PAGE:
Web videos have one super feature that will ensure the death of all forms of traditional broadcasting. Don’t you want to know what that is? I’ll tell you.
The most powerful feature of web videos is: You can share them. You can pass them around like a bowl of popcorn, except this one never runs out. And you’re never charged for it!
I’m sure you have heard of this example:
Is there any other channel or program that can claim the numbers Youtube gets per hour? The only content I feel might rival Youtube is a FIFA World Cup Final, but even that is watched across many different channels, even though the feed might be the same.
On Youtube, everyone watches the same thing.
Are you making corporate videos or music videos? Are you making an indie feature or short? Are you producing a documentary or live event? In today’s world, your best bet is the internet. The chances of a video succeeding on the web are much higher than any traditional broadcast system. You no longer have to think about the web as your last option. Tomorrow, it will be your first.
Get it? It is almost criminal of any video content producer to overlook the web video business. Enough said. Now let’s move on in our quest to find the best video camera for web videos.
If your goal is to make videos for cinema or broadcast, and the internet is just an afterthought, this article is not for you. This article will show you what it takes to make a great web video, if the primary destination for it is the web, and only the web.
After we understand what a great web video is, we’ll see which video camera and gear does this for the cheapest price. Ready?
What makes a great web video?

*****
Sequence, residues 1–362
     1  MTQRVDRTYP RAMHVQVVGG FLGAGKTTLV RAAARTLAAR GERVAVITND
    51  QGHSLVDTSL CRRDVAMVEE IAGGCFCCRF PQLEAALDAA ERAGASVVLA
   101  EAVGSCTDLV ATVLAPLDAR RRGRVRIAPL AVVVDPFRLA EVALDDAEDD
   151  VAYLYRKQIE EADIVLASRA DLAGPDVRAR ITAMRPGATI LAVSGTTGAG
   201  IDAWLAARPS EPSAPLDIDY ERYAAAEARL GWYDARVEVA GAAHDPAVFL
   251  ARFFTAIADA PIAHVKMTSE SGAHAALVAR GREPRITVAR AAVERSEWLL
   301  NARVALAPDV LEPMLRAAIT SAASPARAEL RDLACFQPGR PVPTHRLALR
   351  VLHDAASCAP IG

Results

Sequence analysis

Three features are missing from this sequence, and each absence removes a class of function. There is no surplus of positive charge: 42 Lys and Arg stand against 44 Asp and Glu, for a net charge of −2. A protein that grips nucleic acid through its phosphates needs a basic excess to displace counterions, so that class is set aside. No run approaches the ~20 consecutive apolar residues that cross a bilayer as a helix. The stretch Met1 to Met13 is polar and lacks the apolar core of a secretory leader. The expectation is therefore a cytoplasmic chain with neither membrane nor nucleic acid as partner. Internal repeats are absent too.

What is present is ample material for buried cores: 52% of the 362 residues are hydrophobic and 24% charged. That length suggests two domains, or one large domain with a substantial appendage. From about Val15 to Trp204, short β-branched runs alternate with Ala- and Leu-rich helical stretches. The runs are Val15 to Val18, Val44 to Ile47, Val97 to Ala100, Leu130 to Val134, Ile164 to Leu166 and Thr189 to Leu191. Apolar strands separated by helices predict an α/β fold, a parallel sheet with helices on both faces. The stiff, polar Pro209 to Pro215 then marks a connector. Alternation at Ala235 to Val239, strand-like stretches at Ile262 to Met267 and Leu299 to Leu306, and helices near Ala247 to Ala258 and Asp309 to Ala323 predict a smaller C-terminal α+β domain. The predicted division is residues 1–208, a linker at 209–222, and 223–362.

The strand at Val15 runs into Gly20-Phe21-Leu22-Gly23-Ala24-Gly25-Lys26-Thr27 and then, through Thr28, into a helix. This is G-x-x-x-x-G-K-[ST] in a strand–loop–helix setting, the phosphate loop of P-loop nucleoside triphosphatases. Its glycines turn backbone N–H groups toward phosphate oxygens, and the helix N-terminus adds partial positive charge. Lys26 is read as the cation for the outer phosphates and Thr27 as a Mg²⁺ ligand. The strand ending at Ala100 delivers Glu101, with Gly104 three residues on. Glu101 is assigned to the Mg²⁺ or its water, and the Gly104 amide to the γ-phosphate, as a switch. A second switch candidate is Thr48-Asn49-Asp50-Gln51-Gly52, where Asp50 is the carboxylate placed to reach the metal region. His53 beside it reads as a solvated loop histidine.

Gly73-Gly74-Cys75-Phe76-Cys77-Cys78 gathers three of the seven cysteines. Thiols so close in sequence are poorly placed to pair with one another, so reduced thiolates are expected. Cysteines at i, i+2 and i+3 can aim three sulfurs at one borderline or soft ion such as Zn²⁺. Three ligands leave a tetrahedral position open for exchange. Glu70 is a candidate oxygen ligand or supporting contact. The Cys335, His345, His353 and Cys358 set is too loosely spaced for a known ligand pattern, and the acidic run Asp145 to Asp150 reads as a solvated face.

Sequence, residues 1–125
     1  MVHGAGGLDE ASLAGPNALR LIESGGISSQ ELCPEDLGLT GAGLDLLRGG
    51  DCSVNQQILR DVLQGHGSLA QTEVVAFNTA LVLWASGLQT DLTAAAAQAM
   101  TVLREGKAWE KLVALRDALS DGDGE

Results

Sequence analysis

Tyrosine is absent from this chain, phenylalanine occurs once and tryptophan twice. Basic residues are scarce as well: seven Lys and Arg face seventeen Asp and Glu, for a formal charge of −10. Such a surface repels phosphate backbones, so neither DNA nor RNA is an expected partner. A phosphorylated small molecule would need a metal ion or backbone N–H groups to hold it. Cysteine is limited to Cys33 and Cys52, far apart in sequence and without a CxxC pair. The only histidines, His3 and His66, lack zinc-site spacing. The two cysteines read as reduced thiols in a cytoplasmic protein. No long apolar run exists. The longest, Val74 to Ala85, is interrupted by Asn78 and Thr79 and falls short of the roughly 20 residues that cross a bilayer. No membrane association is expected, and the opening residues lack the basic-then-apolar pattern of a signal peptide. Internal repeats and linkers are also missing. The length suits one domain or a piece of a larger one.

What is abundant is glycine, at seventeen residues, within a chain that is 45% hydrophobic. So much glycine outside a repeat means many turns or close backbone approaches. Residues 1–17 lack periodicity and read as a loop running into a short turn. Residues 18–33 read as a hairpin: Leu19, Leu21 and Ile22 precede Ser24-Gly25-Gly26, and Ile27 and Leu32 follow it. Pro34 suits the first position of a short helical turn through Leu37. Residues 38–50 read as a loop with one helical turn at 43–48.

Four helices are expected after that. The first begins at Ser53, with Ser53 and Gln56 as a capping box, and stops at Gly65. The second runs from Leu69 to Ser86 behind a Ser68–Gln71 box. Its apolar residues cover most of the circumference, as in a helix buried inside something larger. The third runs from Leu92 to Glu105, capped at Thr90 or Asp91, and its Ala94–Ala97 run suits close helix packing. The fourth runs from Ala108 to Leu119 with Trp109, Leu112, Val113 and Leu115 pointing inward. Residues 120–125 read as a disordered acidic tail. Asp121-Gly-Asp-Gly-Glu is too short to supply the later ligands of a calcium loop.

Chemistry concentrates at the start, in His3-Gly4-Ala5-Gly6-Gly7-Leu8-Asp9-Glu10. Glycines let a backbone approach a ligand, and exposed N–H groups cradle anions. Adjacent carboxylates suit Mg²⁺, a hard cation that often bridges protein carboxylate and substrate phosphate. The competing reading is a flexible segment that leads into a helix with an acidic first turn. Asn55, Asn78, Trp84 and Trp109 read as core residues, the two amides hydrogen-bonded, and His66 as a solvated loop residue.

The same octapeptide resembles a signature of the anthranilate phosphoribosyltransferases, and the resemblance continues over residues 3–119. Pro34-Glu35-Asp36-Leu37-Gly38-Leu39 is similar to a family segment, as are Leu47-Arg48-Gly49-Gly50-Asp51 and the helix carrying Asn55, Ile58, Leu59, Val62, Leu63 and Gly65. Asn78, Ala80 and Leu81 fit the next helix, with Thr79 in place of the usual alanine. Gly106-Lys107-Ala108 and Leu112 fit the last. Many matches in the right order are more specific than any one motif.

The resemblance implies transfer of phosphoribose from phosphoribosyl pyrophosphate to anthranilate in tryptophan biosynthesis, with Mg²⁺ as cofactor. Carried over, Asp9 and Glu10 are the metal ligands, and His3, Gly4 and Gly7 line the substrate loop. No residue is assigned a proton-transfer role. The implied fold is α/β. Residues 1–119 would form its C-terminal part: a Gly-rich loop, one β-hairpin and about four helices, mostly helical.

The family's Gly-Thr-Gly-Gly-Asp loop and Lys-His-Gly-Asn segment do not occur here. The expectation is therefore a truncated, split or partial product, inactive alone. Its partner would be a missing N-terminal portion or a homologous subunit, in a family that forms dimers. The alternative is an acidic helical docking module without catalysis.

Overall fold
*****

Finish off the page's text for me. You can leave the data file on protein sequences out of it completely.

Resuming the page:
I’m going to consider the following properties (for camera and video) as most important, technically speaking:
- Dynamic Range
- Frame Rate
- Data rate
Resolution is not one thing, it’s four:
- The distance between the display device and your eyes
- Visual Acuity of your eye
- Resolution of the device you are watching it on
- Resolution of the web video
There are other cool factors, too, which you can read about in Driving Miss Digital. But at this point, let’s keep it simple. This isn’t particle physics 101. If you’d like a quick primer on what resolution is, check out Pixels, Megapixels and Resolution.
The distance between the display and your eyes
From the Resolution of the Human Eye, you know that the minimum focus distance is 4 inches for the average adult (that includes teenagers too).
However, very few people read or watch anything at that distance. Usually, the comfortable reading or watching distance is at one foot, or 12 inches. This is the minimum practical distance we need to account for.
In a typical living room environment, one is unlikely to watch TV beyond an average distance of 25 to 30 feet. Usually, the ‘couch’ distance is between 6 to 15 feet.
Mobile devices will be held closer like magazines, while HDTV displays will be viewed from further away.
This chapter from the Comprehensive Rigging Guide tells you that watching a typical display takes this form:
It’s not good to get too close or too far. The sweet spot is your viewing distance. But –
We’ve just learned that it varies from one to thirty feet. Is there a way out? Of course there is.
Resolution of your eye
For the sake of simplicity, I’m going to measure visual acuity in ppi, or pixels per inch.
I’ve shown you how to calculate the resolution of the average human eye at these distances. Here are the results:
- One feet – 300 ppi
- Two and a half feet (Computer monitor) – 115 ppi
- 6 feet – 50 ppi
- 30 feet – 10 ppi
The message is clear. To make a great web video that will work on all devices, it should have a minimum resolution that corresponds to 300 ppi, practically.
Mind you, the acuity of the human eye varies from person to person, and from time to time. 300 ppi @ 1 feet will give you a video ‘without excuses’.
Resolution of the device you are watching it on
For simplicity’s sake, I’m going to assume a standard aspect ratio of 16:9, corresponding to HDTV. If you’re unsure what this is, check out Aspect Ration and Pixel Aspect Ratio.
The smallest device on which you are likely to watch a video is a smart phone, at a distance of one foot. If a smartphone has a diagonal screen size of 3 inches, at 300 ppi, you’ll need a phone with a resolution of 960 x 540.
Some phones that better this limit are:
- Apple iPhone 5 – 1136×640 @ 326 ppi
- Samsung Galaxy S3 – 1280×720 @ 306 ppi
- Nokia Lumia 920 – 1280×720 @ 267 ppi